How do we maximize impact to create change in the world that is just and equitable and also fast?
This central question has been the propellant behind my career and has pushed me to take on new challenges.
I started by thinking more at the policy level – working for the lobbying and advocacy arm of the UN Foundation and engaging with Congressional leaders to support policy and funding initiatives. Tiring quickly of the politics involved in working on the Hill, I moved to working for large, global social impact organizations helping to manage multi-million dollar programs, enter new markets and design new portfolios. I also worked closely with funders to bring in millions annually in grant proposals. I learned critical lessons from the work that we’ve collectively done over generations to make the world a better place –about equity, about participatory programming, about sustainability, about the approaches that have yielded the best results in different sectors, and about how to measure those results. The work was exciting, but very traditional. I found myself sitting through endless conversations that talked about best practices, not innovations; about the way we have always done things, not how we should do things in a rapidly changing world.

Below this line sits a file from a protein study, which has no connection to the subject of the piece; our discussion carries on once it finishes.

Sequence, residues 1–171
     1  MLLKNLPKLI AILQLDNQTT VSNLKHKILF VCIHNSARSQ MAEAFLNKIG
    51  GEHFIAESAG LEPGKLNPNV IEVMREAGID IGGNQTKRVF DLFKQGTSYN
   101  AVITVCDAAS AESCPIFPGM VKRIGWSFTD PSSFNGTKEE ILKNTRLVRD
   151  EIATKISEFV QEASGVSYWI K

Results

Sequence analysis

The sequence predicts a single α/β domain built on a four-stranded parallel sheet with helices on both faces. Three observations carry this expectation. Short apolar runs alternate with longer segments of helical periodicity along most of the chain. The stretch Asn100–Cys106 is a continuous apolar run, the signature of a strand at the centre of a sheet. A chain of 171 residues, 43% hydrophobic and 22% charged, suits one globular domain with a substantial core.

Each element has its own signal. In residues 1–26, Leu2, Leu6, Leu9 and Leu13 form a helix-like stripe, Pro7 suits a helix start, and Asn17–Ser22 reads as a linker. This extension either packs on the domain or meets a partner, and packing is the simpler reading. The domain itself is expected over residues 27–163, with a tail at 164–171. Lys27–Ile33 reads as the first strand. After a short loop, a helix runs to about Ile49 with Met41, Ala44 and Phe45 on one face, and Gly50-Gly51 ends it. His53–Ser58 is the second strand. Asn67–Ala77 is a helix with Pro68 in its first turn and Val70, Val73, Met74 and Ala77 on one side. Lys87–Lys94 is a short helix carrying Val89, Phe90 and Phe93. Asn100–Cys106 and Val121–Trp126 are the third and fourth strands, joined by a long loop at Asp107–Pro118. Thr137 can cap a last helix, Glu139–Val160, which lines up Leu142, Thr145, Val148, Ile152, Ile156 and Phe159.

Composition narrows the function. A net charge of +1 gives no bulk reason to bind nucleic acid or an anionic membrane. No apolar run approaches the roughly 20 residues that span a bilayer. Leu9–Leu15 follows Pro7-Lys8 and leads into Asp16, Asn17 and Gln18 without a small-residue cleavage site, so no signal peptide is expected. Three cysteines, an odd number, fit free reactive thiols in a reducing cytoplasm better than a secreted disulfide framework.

That brought me back home to Silicon Valley and to work at a ed/tech non-profit that ran like a start-up. The work was dynamic, it was innovative and it was bold – no one talked about incrementalism. The goal and our approaches were about transformative change and massive return on investments. The conversations were about how the world should be, not how it was. I worked directly with a very different set of funders – with agile foundations, and with high-net individuals who were passionate about their giving portfolios and were engaged at the cutting edge of philanthropy. This too was exciting, but this too was imperfect. In the desire for change, I found that we weren’t always being thoughtful enough; we were too focused on innovation at the expense of learning from the past, and while we were keeping up in trends in philanthropy (like impact investing and social impact bonds), we weren’t as steeped the latest science and research in the sector (education) that we worked in.
Through all of this, the one space that most inspired, challenged and invigorated me; that seemed to be putting the pieces together better than anywhere else were movement and organizing spaces committed to building power and changing systems. I spent several years working deeply in this space, supporting broad power building work in the US in support of a more equitable, more just and more liberated world. In this work, I also saw how interrelated all this work is - it's not enough to advocate for the best government policies if we and our teams are burnt out and running on empty. And vice versa - taking care of ourselves with no greater connection to the broader systems we work limits the impact we can have in the world.
That brought me to my consulting work, where I have tried to bridge between these worlds by engaging with a dynamic set of clients – small and large, established and new, organizational, individuals, and industries – to combine what I’ve learned. I’ve also launched a portfolio of work that centers systems-level change with a focus on power and working toward a better future.
And this central question keep me moving forward to take on new challenges.